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Engineers Build Battery-Free, Wireless Underwater Camera

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The autonomous camera is powered by sound. It converts mechanical energy from sound waves traveling through water into electrical energy that powers its imaging and communications equipment.

Credit: Adam Glanzman

Massachusetts Institute of Technology (MIT) engineers developed a battery-free, wireless underwater camera which they describe as approximately 100,000 times more energy-efficient than other undersea cameras.

The camera powers its imaging and communications components by converting mechanical energy from sound waves into electricity, and also uses sound waves to send data to a receiver that reconstructs images.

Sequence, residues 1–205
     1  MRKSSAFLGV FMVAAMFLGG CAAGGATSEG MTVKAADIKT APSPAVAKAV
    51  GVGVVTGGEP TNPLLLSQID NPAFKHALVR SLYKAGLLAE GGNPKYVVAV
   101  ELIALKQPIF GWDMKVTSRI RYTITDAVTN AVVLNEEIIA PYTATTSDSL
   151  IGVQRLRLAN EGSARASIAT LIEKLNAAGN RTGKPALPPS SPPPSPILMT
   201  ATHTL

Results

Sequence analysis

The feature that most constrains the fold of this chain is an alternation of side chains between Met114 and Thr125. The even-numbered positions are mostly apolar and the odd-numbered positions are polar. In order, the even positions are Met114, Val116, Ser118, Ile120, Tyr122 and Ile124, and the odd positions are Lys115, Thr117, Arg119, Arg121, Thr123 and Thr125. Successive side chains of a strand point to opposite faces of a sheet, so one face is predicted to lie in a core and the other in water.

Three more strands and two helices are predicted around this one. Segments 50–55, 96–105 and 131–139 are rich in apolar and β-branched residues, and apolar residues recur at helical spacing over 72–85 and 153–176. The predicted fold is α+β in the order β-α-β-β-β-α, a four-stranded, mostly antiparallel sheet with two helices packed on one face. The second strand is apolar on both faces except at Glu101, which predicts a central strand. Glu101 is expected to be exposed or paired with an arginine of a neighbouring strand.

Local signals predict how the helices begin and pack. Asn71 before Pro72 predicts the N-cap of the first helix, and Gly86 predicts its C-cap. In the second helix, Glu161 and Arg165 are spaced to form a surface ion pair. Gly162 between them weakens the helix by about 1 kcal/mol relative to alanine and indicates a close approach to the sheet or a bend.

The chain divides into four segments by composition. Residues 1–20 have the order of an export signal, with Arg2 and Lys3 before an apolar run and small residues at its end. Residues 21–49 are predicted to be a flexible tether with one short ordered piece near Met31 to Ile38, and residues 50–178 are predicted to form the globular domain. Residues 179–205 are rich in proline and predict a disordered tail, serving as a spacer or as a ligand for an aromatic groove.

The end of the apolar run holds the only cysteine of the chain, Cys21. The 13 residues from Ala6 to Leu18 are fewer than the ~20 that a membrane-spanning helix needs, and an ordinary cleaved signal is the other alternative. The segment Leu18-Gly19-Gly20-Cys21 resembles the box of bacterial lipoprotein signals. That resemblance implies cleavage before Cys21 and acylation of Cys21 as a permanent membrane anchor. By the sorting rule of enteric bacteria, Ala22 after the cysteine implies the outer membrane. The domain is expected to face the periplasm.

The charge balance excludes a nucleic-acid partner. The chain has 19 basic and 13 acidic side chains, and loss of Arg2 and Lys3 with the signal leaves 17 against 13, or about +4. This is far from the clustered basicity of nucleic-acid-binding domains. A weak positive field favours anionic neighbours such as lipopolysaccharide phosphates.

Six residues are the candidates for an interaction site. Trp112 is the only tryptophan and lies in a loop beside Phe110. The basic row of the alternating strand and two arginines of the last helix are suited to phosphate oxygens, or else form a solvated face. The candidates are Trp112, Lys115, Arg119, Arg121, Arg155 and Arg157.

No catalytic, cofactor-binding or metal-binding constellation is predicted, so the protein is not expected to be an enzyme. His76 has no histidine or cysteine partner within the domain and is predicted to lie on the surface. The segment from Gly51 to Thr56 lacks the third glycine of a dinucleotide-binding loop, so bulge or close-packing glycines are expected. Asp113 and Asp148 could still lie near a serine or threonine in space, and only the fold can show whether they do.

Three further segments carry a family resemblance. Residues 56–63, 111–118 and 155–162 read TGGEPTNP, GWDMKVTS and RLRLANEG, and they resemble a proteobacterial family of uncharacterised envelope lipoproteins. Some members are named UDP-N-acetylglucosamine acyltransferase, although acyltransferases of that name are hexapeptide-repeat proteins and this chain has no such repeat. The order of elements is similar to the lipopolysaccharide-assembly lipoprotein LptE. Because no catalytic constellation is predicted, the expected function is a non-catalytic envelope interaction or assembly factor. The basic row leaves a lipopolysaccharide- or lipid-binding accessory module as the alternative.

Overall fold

Exterior piezoelectric transducers harvest energy from sound waves to produce electrical energy.

Red, green, and blue light-emitting diodes enhance the camera's low-power imaging sensors to produce color photos, while data is transmitted to the receiver through underwater backscattering.

MIT's Fadel Adib said, "This technology could help us build more accurate climate models and better understand how climate change impacts the underwater world."

From MIT News
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